Like Simpson, Maine native Dick Curless was also a cat who latched onto the truck drivin' sound in a big time way. For the late Curless who was dubbed the "Baron of Country Music", it was a song about a nasty patch of road in his home state that catapulted his career as a C&W artist. That song was "Tombstone Every Mile" and it hit the number five spot on the country charts in 1965. Until he hit big with that song, Curless was pretty relegated to regional star status. "Tombstone" took him national and gained him a deal with Capitol subsidiary Tower Records. Reissued for the first time in its entirety on CD, the ensuing album Tombstone Every Mile (Sundazed SC-9001) saw release in 1965 and was an instant chart smash. In addition to "Tombstone Every Mile", it found Curless applying that well-deep, soulful baritone voice of his to classics like "King of the Road", "Streets of Laredo" and "Nine Pound Hammer". Whereas by no means essential, fans of the yesteryear sounds of New England country will no doubt find plenty to like about the reissue of Tombstone Every Mile.
Here's bettin' that most folks would likely be hard-pressed to identify the lone female C&W recording artist to hop onto the truck drivin' music bandwagon. First Lady honors from the feline ranks went to Texas native Kay Adams who for a brief period in the 1960s injected a sassified female perspective into her gearjammin' goodies. Based out of Bakersfield where she relocated in 1964, Adamsí first single "Honky Tonk Heartache" saw release on Tower Records that same year. It helped garner her the award for Most Promising Female Vocalist from the Academy of Country Music the following year. It wasnít until 1966 that she truly made her mark thanks to the hit single about a feisty lady trucker called "Little Pink Mack", a number awash in that same hard driving Bakersfield style that personified the music of Owens and Simpson. The album Wheels & Tears containing that smash hit followed soon after and truly established Adams as the queen bee of truckin' music. A most welcome reissue, the 10-song Wheels & Tears (Sundazed SC-9002) saw Adams heading in a variety of directions spanning the female answer song to Dave Dudley's "Six Days On the Road" ("Six Days Awaiting") to the heartbreaker ballad "That'll Be the Day" about a wife pining for her truck driver husband to the fuzztone-filled retooling of the Simpson novelty number "Big Mack" to covers from the likes of Buck Owens ("Second Fiddle" and "Walk the Floor") and Lynn Anderson ("The Worst Is Yet to Come"). Whereas Adams would record three more albums for Tower before retiring from the business, none would achieve both the artistic and commercial success of Wheels & Tears which to this day remains the high water mark for both Adams and the female side of the truck-driving music genre.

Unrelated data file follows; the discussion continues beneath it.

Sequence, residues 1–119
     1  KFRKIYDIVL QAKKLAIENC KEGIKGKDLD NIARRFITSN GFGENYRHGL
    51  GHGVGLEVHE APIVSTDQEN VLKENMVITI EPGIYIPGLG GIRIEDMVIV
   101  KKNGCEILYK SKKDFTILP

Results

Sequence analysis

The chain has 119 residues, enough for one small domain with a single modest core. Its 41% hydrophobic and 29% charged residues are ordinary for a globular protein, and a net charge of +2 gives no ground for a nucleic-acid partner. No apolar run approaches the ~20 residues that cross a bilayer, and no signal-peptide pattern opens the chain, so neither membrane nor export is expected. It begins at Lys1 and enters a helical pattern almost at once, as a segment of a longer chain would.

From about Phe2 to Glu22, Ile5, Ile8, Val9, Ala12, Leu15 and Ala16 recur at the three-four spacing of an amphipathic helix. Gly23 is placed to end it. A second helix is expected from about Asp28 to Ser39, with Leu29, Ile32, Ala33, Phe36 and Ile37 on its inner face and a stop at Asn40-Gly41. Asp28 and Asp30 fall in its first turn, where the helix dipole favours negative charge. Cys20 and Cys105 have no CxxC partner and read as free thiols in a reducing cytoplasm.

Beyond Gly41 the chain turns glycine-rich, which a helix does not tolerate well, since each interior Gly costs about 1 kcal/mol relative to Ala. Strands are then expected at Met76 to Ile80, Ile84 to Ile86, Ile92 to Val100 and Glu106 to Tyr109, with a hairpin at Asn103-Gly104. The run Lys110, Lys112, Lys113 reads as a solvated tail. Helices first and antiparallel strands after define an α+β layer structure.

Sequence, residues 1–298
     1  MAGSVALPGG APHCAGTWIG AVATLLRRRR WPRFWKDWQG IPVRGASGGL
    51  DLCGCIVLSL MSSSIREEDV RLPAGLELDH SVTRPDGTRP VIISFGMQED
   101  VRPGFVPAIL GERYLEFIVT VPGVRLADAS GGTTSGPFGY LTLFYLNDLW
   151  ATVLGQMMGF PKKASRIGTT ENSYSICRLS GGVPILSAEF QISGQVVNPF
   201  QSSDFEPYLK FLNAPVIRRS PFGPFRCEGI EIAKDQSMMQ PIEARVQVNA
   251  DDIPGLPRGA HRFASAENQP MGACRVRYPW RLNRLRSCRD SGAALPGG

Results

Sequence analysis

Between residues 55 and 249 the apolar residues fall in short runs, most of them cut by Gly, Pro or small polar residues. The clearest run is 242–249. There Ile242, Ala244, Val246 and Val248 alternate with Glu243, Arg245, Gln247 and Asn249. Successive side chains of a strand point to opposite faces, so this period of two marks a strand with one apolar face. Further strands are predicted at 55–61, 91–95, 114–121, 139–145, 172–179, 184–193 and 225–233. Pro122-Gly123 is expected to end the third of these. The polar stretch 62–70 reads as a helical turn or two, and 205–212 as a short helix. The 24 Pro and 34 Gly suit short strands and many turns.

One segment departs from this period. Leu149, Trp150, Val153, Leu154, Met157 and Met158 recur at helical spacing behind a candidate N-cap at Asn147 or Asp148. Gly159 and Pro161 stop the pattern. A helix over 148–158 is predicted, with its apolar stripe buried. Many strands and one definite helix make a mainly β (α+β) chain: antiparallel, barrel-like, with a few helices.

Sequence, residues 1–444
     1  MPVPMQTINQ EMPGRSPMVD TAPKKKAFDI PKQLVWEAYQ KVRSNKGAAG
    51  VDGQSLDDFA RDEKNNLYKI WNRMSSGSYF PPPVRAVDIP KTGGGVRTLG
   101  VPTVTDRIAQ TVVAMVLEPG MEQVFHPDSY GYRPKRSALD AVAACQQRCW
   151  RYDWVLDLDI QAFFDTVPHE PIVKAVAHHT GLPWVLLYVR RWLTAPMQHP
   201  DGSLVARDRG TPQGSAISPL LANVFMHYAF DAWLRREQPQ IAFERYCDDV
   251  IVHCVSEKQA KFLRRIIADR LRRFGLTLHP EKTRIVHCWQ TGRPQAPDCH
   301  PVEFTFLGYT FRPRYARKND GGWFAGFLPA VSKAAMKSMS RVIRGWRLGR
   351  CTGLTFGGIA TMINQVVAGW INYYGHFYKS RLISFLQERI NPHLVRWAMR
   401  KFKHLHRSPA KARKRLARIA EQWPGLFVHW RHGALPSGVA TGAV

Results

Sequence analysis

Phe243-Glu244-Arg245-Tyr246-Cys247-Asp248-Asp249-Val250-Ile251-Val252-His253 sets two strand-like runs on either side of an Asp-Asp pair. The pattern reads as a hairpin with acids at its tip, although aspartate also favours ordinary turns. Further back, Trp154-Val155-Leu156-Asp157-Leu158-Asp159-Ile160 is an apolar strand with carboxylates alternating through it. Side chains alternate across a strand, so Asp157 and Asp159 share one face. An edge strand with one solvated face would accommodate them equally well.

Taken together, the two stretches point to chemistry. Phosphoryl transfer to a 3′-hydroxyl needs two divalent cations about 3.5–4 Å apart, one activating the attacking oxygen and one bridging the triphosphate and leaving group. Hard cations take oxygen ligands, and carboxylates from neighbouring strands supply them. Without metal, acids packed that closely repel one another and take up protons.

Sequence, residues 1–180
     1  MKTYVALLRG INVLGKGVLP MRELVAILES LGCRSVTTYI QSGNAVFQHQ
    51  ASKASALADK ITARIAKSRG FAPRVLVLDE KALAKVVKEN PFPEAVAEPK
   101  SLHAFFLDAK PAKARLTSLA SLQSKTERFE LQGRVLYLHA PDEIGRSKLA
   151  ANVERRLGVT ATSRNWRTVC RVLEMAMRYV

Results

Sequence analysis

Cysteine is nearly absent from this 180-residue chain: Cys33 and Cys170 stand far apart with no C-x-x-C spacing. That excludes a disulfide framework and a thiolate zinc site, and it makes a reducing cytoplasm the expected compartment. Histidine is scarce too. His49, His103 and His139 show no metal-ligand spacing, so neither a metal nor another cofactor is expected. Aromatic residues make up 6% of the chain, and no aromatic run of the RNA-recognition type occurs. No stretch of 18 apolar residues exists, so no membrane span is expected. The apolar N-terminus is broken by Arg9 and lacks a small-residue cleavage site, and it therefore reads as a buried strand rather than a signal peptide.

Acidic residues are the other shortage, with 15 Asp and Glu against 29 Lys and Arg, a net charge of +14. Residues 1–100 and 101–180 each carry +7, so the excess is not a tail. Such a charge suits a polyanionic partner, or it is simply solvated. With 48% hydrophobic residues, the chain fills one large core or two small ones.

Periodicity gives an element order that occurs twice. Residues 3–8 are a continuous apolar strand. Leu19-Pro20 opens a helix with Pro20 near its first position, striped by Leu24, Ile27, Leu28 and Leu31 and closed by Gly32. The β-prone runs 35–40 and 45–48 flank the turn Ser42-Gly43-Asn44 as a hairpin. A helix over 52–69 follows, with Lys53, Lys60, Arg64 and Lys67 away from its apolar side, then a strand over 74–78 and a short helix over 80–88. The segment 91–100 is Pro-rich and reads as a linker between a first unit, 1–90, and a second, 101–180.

The final reissue in the first wave of the "Truckstops, Broken Hearts & Honky Tonk Heroes" series leans more in the western swing direction of honky tonk, that being the re-release of the classic 1966 album from Hank Thompson called A Six Pack To Go (Sundazed SC-9005). Like Bob Wills, Thompson, thanks to the accompaniment of his sterling Brazos Valley Boys band, favored the full-bodied, big band sound when it came to his brand of ultra-swinging honky tonk. The dozen cuts comprising A Six Pack To Go more than fit the bill taking the listener from bouncy, fast moving polkas done in the country style like "Beer Barrel Polka" and "Bartender's Polka" to tear-in-the-beer laments like "A Broken Heart and a Glass of Beer" and "Hangover Heart" to 100-proof nuggets like "Honky Tonk Town", "Warm Red Wine", the classic "Bubbles In My Beer", and the equally noteworthy title track. About the only thing missing from this reissue is the glow of neon. An extra added bonus on this album was the addition of the legendary guitarist Merle Travis who joined the Brazos Valley Boys for all but one of the A Six Pack To Go dozen. And as was always par for the course, the musicianship is top notch. Thompson wouldn't have it any other way. Highly recommended. (Sundazed Music, P.O. Box 85, Coxsackie, NY 12051, or www.sundazed.com)
posted by Boudin Dan, 11/26/04